When a person enlists in the U.S. Armed Forces, the country is counting on its uniformed saviors to get the job done.
Choosing to fight for one’s country is one of the most honorable choices one can pursue. I couldn’t care less about the race, sexual orientation or gender of the soldiers that safeguard our country. This is why I’m glad that women in the Armed Forces will now be able to engage in combat positions.
The Pentagon’s long-awaited announcement overturns a 1994 ruling that restricted female soldiers from the frontlines of the war, holding key leadership positions, operating certain equipment, indulging with hostiles and ultimately a chance to fully utilize their potential as soldiers.
The origins of the limit were based in notions of strength and sexism. Men are, on average, typically stronger and taller. Most armies of the world, historically, have been led by and comprised mostly of men. Recently, President Barack Obama made headlines by appointing men to key national security positions. But soldiers in the warzones are required to exhibit much more, such as resilience, specialized combat training, problem-solving skills and survival instincts, among others.
We have the best equipped military in the world; we possess better, stronger weapons than anyone; we provide our soldiers with all the necessary training and support that they need. Why policy makers delayed this decision is beyond me. Allowing women who are already soldiers to further play an important role in warfare is sensible and natural. Military leaders should have no reason to doubt their abilities. Whatever the requirements are for being in combat, both male and female soldiers should be trained and tested to exhibit satisfactory results before being cleared for combat by their superiors. Fighting for your country, on any level, should be supported for all genders.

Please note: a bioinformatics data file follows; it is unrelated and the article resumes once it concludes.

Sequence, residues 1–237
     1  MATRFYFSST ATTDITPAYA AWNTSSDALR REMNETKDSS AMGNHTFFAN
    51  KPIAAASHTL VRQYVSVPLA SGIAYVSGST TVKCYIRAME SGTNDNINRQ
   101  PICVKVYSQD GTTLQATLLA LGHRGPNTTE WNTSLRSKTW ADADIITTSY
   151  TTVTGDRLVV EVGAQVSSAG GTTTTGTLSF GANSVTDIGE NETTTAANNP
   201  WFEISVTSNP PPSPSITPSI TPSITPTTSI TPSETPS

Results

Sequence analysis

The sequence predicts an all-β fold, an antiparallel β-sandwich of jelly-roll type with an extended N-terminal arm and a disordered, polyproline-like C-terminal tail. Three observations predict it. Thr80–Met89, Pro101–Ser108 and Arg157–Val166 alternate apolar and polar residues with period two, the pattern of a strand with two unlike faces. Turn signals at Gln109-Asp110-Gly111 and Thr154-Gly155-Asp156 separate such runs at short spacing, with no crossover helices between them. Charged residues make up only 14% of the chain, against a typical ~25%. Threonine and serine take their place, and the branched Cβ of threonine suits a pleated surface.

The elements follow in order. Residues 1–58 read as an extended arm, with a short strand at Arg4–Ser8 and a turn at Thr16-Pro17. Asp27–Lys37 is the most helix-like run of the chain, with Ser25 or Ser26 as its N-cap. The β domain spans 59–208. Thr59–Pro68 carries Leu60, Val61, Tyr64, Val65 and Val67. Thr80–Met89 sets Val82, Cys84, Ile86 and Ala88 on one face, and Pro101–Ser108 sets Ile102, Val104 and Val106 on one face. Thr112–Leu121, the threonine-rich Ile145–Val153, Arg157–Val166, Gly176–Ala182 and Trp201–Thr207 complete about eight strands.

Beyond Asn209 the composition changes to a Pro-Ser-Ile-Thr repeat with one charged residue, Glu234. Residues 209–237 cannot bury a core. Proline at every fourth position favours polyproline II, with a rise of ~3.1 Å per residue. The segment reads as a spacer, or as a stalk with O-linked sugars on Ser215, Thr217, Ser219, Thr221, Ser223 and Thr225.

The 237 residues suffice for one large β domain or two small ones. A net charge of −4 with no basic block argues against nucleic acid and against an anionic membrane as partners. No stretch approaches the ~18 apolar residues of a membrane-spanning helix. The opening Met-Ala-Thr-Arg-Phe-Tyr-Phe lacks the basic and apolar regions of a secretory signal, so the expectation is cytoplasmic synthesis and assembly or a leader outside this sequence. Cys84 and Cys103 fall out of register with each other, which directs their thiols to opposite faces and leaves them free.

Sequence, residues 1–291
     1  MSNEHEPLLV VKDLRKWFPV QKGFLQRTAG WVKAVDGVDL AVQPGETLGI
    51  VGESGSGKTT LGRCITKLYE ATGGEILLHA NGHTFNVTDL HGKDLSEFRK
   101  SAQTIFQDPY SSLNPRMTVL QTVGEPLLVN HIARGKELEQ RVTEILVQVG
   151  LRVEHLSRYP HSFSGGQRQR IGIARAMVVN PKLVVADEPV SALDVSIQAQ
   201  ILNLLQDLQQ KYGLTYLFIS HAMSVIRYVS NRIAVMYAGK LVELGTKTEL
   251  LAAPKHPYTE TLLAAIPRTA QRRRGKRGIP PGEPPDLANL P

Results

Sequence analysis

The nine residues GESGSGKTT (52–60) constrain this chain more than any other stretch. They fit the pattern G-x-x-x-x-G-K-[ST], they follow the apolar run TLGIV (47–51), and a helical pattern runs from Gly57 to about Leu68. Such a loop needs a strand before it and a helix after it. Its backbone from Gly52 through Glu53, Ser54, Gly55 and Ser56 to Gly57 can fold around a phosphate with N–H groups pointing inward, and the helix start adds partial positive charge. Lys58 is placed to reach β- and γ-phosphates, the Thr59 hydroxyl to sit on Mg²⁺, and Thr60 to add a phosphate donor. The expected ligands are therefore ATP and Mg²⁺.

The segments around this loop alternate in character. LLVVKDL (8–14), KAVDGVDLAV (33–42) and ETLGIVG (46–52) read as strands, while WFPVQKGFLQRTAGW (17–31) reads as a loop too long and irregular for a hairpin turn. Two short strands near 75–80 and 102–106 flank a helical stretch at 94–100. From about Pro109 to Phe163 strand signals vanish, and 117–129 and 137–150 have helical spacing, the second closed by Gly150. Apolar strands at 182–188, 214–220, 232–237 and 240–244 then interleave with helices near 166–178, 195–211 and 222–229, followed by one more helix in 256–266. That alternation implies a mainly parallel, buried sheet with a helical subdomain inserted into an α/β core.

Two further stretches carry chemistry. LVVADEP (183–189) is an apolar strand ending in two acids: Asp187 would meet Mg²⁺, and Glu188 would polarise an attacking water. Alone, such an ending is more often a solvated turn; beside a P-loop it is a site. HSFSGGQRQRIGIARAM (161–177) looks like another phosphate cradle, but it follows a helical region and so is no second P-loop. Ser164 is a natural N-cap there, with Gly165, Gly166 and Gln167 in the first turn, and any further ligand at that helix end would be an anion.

The Pentagon and the Armed Forces should congratulate themselves that although, in essence, this is a late move, it is still a welcome decision. This will further support the fact that women have already been endangering their lives for this country and have spilt blood for American citizens. They comprise 15 percent of the current Armed Forces, an extremely valuable contribution.
The move will ultimately have to address the roadblocks that female soldiers continue to face in the Armed Forces, such as equal treatment, sexual assault and bars from leadership positions.
Before this verdict, women that were serving, even in wars, couldn’t get promotions because of a requirement of combat experiences to be eligible. This decision will only further the necessary visibility women should also have as contributing members of our military forces. I can fill the Minnesota Daily with the alarming sexual harassment nightmare that the Department of Defense is trying to handle. Having women in combat positions may also be eye-opening in many Muslim countries. In some of these areas, women aren’t allowed to talk to men that aren’t family members. Our female soldiers on the ground can and will be an essential tool to interact and intercept targets.
This decision will raise the possibilities for many young Americans who have traditionally shied away from the Armed Forces. This will tell them this isn’t a man’s world and that they can be just as, if not more, effective.
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